As reported by The Morning Advertiser, residents of the Hanover area of Brighton launched a crowdfunding campaign to raise £300,000 in order to take over the Greys pub after it was put on the market by Ei Group.
Keith Farmer of the Save the Greys campaign explained: "There was a very real danger of the pub becoming flats or houses. Ei has sold three other pubs in the immediate vicinity, just a few minutes' walk away, in the past few years, two of which are now houses and one of which was saved by a really last-minute ACV (asset of community value) status that was taken out.
"There are really highly valued houses around Hanover. Even though it's all terraced streets, it's got a really good reputation. It's £500,000 for a terraced house – you can see why there'd be quite a lot of interest from developers.
"We could see what was going to happen. There was no doubt in our minds, so we made a big stink. We reckon we probably communicated our messages in one way or another to about 1m people, we really went to town.
"There was only one way we could keep developers away and that was to let them know they'd have a fight on their hands."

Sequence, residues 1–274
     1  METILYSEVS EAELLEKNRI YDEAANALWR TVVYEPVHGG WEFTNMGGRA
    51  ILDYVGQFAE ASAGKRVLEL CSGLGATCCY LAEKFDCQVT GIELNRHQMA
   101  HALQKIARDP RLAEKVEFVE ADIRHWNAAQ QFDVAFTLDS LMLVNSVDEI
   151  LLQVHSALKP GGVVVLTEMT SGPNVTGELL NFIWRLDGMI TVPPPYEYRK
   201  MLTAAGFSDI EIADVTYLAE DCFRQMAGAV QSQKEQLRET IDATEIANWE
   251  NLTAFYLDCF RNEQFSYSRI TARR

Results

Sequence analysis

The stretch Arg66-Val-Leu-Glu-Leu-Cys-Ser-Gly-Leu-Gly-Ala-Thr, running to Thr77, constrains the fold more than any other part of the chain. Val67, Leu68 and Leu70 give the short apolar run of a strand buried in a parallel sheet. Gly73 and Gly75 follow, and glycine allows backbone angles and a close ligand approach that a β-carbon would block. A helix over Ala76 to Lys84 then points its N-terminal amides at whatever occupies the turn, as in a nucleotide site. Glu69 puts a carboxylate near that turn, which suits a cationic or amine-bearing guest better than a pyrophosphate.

The Save the Greys campaign – which won the support of the MP for Brighton Pavilion and co-leader of the Green Party, Caroline Lucas – raised £186,000 and hoped to make up the remaining money using loans.
Farmer explained that the campaign also won the support of the pub company looking to sell the Greys.
"Ei actually bent over backwards to try and sell us the pub. We were the lower bidder in the end, but they were trying to sell to us – which was unheard of.
"Unfortunately, by that point they'd put the pub into an auction and couldn't get it out due to auction contracts.
"They tried to put us through this auction contract process, which is simply is not geared to a community organisation; you can't risk other people's money in the same way that if you were an entrepreneur – it's not the same dynamic at all.
“That's where we fell over, we couldn't go through the process."
New landlords 'just the job'
Despite this, the very fact that the Greys will continue to trade as a pub constitutes a triumph as far as Farmer is concerned.
"We consider it a success, we saved the Greys. So many property developers came along to the open days, all of whom we spoke to, all of whom went away realising they'd have a fight on their hands if they tried to develop the property."
The new owners are said to be keen to talk to the campaign group and having exchanged emails with members are planning to meet the Save the Greys campaigners before the pub opens.
"They have one pub in Northampton, which is also a back-street terraced houses' job, they know exactly the sort of place they're getting. They have craft beer, Belgian beer, live music and a good food offering – the sort of things we wanted.
“They sound just the job, they know about community pubs. We've got smiles on our faces."